Lack of ecommerce costs Primark dearly - SwiftERM

Lack of ecommerce costs Primark dearly. Over the last six decades, Dublin-headquartered Primark has made a name for itself as a keystone high-street player, basing its business model on offering discount pricing at physical locations while shunning the ecommerce arena. While the choice enabled the firm to pass savings onto the consumer until now, however, the lack of an online platform during lockdown means Primark could lose £1 billion in sales.

The lockdowns brought in to combat the coronavirus over the last year have been little short of catastrophic for the UK retail scene. With sales figures already flagging for years prior to the ensuing crisis, the forced closure of bricks and mortar establishments deemed non-essential has seen many high street presences pushed to the brink of collapse – even with the Government providing financial support via its job preservation schemes.

While the retail sector has universally endured a grim period of trade, however, some stores have been better positioned to weather the storm than others.

Lack of ecommerce costs Primark dearly

In recent years, the boom of ecommerce has offered many brands a new lease of life, with benefits of digitalisation and the creation of omni-channel shopping experiences boosting convenience and reducing costs for the consumer. Due to these factors, as well as the proliferation of available digital shopping channels, the online market had already grown steadily across the world – accounting for more than one-fifth of total non-food consumer goods sales in the UK alone long before the Covid-19 pandemic drove even more shoppers to do their business digitally.

As the coronavirus outbreak upended the way people worked and lived around the world, businesses of all shapes and sizes had to scramble fast to keep operational. Those that had already reached a degree of digital maturity were able to react faster than those that had been unconvinced of the merits of transforming – but unfortunately for Primark, the discount high street staple was not in such a condition when lockdown hit.

The company has traditionally favoured using price-cutting to draw large physical crowds over the idea an online offering could drum up business – suggesting it was too expensive to be profitable – but the longer the pandemic lasts, the more damaging this stance may become.

By May 2020, Primark had already stated its sales had gone from £650 million each month to zero, as the coronavirus has forced it to close in Europe and the US. According to the Chief Executive of Associated British Foods, which owns Primark, without government furlough schemes, this would have seen many of Primark’s 68,000 European staff lose their jobs. George Weston also confirmed to the BBC that Primark had written down the value of its clothing stock by £284 million, but he still insisted that the situation did not look likely to see Primark change tack.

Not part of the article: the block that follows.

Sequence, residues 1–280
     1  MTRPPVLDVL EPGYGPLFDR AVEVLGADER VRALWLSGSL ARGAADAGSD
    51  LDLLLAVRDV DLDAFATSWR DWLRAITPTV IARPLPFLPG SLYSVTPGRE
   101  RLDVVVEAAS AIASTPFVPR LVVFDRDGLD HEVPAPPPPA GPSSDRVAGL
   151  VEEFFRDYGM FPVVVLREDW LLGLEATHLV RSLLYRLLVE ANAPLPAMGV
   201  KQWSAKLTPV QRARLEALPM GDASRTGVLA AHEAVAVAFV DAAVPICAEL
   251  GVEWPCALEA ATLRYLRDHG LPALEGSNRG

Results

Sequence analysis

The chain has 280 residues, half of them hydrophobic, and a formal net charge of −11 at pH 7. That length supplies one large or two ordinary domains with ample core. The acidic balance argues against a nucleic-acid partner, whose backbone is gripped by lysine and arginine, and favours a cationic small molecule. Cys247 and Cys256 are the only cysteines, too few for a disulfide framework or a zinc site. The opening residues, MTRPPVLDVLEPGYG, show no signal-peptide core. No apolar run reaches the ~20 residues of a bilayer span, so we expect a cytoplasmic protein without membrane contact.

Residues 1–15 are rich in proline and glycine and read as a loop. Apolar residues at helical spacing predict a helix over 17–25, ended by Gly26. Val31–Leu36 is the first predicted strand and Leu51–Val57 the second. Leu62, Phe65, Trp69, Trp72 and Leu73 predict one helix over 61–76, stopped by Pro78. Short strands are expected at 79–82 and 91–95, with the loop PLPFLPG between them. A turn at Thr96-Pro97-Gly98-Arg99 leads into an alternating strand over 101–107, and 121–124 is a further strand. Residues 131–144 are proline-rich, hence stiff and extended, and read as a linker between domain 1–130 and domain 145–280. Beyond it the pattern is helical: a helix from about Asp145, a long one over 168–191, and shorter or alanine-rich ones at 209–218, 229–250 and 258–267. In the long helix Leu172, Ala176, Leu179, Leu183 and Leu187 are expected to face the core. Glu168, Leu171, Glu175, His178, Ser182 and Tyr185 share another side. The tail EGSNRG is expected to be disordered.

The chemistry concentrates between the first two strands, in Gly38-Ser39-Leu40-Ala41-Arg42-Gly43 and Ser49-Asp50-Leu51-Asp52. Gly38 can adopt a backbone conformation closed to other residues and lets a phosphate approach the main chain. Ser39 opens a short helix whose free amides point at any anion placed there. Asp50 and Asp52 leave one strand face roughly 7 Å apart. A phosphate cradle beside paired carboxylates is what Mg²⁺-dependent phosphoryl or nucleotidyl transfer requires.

Associated British Foods is understood to be cash-rich compared to many retailers, with it being reported then that it was holding £801 million in cash and a £1.09 billion loan agreed – meaning it can afford to ‘wait out the storm,’ while possibly benefitting from the collapse of some of its nearest rivals to boot. Eight months later, however, with no end of the pandemic in sight, that approach looks increasingly tenuous.

January 2021 has seen AB Foods forecast lower full-year profits once again, with sales losses from store closures potentially rising to £1.05 billion under new restrictions to control the spread of Covid-19. Sales losses in November and December came to £540 million, while retail revenue fell 30% to £2.031 billion, and the company’s revised sales loss figures now assume that stores remain closed until February 27th, after the UK Government imposed a full lockdown at the start of January.

Now the UK is easing out of lockdown, there is no guarantee that shoppers will happily return to stores immediately. Under lockdown and weary of infection, consumers have warmed to the idea of using ecommerce for everything, from grocery shopping to financial transactions – something which could prompt long-term behavioural changes that could further hurt Primark’s online-resistant brand.

Exemplifying this, even when stores remained open for brief windows during 2020, Primark saw a 14% like-for-like decline in sales. Sales at out-of-town retail park locations were higher than the year before, but shopping centres and regional high streets suffered, as people were wary of congregating during the pandemic.

 

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